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A History of Indian Philosophy, Volume 1

Na tattha sukhabhisangena aka@d@dhiyati Footnote ref 1


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style="text-align: justify;">[Footnote 1: Where there is piti there is sukha, but where there is sukha there may not necessarily be piti. _Visuddhimagga_, p. 145.]

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mind if not properly and carefully watched would like sometimes to turn back to the enjoyment of piti again. The two characteristics of this jhana are sukha and ekaggata. It should however be noted that though there is the feeling of highest sukha here, the mind is not only not attached to it but is indifferent to it (_atimadhhurasukhe sukhaparamippatte pi tatiyajjhane upekkhako, na tattha sukhabhisangena aka@d@dhiyati_) [Footnote ref 1]. The earth ball (_pa@thavi_) is however still the object of the jhana.

In the fourth or the last jhana both the sukha (happiness) and the dukkha (misery) vanish away and all the roots of attachment and antipathies are destroyed. This state is characterized by supreme and absolute indifference (_upekkha_) which was slowly growing in all the various stages of the jhanas. The characteristics of this jhana are therefore upekkha and ekaggata. With the mastery of this jhana comes final perfection and total extinction of the citta called cetovimutti, and the sage becomes thereby an arhat [Footnote ref 2]. There is no further production of the khandhas, no rebirth, and there is the absolute cessation of all sorrows and sufferings--Nibbana.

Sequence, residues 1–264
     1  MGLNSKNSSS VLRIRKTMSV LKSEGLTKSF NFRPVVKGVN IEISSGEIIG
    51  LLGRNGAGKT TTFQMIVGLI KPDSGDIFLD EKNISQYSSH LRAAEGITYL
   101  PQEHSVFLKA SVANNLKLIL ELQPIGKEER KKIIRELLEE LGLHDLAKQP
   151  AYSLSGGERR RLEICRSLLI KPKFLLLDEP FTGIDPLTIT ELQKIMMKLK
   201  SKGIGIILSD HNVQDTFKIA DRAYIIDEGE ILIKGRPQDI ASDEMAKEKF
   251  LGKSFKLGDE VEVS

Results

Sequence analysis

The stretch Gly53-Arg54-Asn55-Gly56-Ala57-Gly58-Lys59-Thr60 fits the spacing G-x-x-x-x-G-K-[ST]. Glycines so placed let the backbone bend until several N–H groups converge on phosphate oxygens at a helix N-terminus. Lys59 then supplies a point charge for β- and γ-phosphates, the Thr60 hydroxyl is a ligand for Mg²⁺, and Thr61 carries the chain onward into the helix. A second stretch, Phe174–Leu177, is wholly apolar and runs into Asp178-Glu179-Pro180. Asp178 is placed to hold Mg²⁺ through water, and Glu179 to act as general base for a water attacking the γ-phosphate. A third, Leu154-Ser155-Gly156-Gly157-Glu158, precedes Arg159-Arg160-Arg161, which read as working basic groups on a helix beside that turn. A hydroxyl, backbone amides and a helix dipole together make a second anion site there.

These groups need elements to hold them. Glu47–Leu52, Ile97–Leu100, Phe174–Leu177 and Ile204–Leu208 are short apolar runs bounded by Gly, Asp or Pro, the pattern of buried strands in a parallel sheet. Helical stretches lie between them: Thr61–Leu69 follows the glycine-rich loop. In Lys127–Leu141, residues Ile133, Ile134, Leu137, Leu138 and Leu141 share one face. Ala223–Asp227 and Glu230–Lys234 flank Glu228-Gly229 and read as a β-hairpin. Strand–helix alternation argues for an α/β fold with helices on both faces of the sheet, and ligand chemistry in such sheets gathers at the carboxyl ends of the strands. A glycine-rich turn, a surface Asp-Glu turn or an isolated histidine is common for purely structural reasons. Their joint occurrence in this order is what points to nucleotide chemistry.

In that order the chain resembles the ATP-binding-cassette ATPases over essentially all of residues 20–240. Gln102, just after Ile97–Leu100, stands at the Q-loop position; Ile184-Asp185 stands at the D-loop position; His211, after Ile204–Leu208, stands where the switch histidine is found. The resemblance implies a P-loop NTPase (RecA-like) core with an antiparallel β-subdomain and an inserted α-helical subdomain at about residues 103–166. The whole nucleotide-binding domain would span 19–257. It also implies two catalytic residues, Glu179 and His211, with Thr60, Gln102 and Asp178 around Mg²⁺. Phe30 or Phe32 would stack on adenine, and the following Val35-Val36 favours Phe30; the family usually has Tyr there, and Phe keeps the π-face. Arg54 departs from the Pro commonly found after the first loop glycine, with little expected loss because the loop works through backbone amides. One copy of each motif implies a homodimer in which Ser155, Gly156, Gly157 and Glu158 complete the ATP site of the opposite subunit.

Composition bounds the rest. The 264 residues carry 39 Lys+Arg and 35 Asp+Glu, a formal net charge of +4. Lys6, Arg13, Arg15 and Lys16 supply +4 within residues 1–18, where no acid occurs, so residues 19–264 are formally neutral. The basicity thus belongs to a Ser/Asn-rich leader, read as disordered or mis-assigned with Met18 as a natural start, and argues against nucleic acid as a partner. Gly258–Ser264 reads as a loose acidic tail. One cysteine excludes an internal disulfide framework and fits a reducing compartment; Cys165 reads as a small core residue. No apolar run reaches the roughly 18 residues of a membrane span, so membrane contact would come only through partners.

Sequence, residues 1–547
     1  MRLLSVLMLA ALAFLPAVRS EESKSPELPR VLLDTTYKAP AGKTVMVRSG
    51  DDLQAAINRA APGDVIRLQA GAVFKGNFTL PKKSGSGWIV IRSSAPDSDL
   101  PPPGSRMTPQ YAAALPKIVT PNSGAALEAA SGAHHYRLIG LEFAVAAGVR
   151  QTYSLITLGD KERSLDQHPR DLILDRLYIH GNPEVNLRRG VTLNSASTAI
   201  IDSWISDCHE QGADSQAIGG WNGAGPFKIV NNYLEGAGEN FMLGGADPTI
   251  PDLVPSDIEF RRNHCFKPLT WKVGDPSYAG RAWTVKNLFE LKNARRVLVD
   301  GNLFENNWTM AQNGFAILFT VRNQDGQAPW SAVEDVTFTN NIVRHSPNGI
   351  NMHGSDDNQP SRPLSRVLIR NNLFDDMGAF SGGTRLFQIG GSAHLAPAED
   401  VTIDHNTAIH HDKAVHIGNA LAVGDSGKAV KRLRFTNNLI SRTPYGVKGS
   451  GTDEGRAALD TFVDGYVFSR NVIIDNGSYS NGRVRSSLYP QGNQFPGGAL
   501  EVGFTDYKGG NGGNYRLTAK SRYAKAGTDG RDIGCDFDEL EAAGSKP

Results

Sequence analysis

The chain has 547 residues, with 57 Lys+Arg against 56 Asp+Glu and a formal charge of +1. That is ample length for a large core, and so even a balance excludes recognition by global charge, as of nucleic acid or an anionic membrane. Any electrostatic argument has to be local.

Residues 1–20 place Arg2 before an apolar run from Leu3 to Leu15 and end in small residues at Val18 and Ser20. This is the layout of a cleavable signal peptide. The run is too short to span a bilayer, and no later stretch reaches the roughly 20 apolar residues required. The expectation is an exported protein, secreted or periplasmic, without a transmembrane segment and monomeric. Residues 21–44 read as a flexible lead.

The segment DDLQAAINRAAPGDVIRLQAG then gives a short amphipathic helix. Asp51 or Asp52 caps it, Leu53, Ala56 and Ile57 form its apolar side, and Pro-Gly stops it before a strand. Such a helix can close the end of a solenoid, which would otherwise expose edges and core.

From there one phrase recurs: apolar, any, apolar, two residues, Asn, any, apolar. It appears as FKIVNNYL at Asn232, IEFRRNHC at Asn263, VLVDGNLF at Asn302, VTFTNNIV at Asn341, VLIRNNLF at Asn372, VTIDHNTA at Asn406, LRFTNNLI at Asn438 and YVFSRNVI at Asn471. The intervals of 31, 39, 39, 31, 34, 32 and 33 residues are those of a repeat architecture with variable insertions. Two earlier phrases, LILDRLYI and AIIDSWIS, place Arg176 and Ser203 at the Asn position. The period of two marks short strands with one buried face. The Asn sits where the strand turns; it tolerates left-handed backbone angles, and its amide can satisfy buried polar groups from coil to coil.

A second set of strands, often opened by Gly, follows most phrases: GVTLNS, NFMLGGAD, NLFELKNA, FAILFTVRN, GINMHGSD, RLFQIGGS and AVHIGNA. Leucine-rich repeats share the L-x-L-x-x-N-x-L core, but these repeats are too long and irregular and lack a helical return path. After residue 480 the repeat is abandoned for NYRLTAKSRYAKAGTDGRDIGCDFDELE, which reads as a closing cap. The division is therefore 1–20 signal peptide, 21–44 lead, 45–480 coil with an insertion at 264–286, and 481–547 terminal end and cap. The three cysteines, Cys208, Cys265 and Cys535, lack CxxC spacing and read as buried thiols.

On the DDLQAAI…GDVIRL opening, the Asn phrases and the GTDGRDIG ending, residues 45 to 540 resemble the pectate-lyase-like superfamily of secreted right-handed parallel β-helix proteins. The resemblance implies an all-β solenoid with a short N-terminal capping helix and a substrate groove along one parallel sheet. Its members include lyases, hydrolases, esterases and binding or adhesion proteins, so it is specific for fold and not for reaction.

Kamma.

style="text-align: justify;">In the Katha (II. 6) Yama says that "a fool who is blinded with the infatuation of riches does not believe in a future life; he thinks that only this life exists and not any other, and thus he comes again and again within my grasp." In the Digha Nikaya also we read how Payasi was trying to give his reasons in support of his belief that "Neither is there any other world, nor are there beings, reborn otherwise than from parents, nor is there fruit or result of deeds well done or ill done [Footnote ref 3]." Some of his arguments were that neither the vicious nor the virtuous return to tell us that they suffered or enjoyed happiness in the other world, that if the virtuous had a better life in store, and if they believed in it, they would certainly commit suicide in order to get it at the earliest opportunity, that in spite of taking the best precautions we do not find at the time of the death of any person that his soul goes out, or that his body weighs less on account of the departure of his soul, and so on. Kassapa refutes his arguments with apt illustrations. But in spite of a few agnostics of

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[Footnote 1: _Visuddhimagga_, p. 163.]

[Footnote 2: _Majjhima Nikaya_, I.p. 296, and _Visuddhimagga_, pp. 167-168.]

[Footnote 3: _Dialogues of the Buddha_, II. p. 349; _D. N._ II. pp. 317 ff.]


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